The relationship was strained, Mr. Gicinto recalled, and both men seemed uncomfortable sharing the lead.
Even so, her work quickly picked up speed. The group, which grew to include dozens of employees, wanted to keep an eye on Uber’s overseas competitors, be they taxi drivers or executives at the Chinese carpooling agency Didi. But they also had to protect their own executives from surveillance and fend off web scraping operations that were using automated systems to gather information about Uber’s prices and driver supply.
It was an overwhelming task. To keep up, the team outsourced some of the projects to intelligence agencies who dispatched contractors to infiltrate driver protests. Other work was done in-house as Uber built its own scraping system to collect large amounts of competitive data. Scraping out public data is legal, but the law restricts the use of that data for commercial purposes.
The team rushed to hire more staff, and Mr. Gicinto was recruiting people he knew from his time with the CIA: a colleague, Ed Russo, and Jake Nocon, a former agent of the Naval Criminal Investigative Service who met Mr. Gicinto when they worked for the Joint Terrorism Task Force in San Diego.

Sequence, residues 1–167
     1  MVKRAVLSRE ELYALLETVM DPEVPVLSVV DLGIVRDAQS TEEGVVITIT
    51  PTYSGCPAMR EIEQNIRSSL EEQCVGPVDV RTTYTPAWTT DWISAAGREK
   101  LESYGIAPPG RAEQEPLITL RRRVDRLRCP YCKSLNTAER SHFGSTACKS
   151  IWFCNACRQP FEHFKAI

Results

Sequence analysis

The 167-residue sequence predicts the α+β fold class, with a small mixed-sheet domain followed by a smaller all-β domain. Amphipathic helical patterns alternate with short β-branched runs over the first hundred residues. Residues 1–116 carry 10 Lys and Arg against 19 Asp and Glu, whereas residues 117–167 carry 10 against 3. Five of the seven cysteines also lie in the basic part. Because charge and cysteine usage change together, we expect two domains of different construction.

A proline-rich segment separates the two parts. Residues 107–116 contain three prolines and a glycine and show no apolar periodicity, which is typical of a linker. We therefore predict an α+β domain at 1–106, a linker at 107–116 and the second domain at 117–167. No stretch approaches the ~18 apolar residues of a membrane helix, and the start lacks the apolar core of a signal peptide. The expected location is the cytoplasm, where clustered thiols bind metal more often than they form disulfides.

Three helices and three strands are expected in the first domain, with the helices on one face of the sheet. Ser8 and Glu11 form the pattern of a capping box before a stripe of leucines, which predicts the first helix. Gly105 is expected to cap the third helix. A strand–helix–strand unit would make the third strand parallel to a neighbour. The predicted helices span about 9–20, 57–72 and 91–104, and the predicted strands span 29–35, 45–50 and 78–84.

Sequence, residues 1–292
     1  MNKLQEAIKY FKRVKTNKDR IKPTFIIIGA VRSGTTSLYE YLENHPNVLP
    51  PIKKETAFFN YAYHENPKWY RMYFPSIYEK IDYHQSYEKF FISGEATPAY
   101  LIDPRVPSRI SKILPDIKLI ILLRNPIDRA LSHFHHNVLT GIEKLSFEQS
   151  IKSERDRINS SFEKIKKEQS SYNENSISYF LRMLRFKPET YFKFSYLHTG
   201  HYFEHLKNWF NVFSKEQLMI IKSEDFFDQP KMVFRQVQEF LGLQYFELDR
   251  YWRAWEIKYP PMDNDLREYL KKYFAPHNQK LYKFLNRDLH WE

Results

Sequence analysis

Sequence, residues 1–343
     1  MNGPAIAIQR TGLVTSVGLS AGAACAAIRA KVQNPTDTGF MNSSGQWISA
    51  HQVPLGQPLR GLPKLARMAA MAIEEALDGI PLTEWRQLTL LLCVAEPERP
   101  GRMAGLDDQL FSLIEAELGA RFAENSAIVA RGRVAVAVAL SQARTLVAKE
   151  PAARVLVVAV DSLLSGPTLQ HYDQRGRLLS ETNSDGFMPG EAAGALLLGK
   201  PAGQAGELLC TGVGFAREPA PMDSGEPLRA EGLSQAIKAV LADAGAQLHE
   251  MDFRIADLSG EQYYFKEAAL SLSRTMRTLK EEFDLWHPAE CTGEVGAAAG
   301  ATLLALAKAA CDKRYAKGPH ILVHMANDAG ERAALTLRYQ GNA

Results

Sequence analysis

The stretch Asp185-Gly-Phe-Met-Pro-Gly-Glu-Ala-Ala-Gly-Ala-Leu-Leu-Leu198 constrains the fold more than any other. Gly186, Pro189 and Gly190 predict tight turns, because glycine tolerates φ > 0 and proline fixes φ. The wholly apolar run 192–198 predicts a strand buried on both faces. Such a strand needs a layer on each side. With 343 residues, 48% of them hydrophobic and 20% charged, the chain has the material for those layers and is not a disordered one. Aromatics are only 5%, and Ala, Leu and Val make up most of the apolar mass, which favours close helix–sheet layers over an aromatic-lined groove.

When Jean Liu, Didi’s chairman of the board, visited the Bay Area, she was shadowed by Uber. And when Travis Kalanick, the then CEO of Uber, traveled to Beijing, staff attempted to shake off Didi’s surveillance teams by moving Mr Kalanick’s phones to other hotels to ping his location in a place he wasn’t.
“Every bit of that game for us has been helping our executives run their meetings without revealing who they’re meeting,” said Henley, who led Uber’s global threat operations. “And it was a lot of fun, wasn’t it? It was a game of cat and mouse that went back and forth. “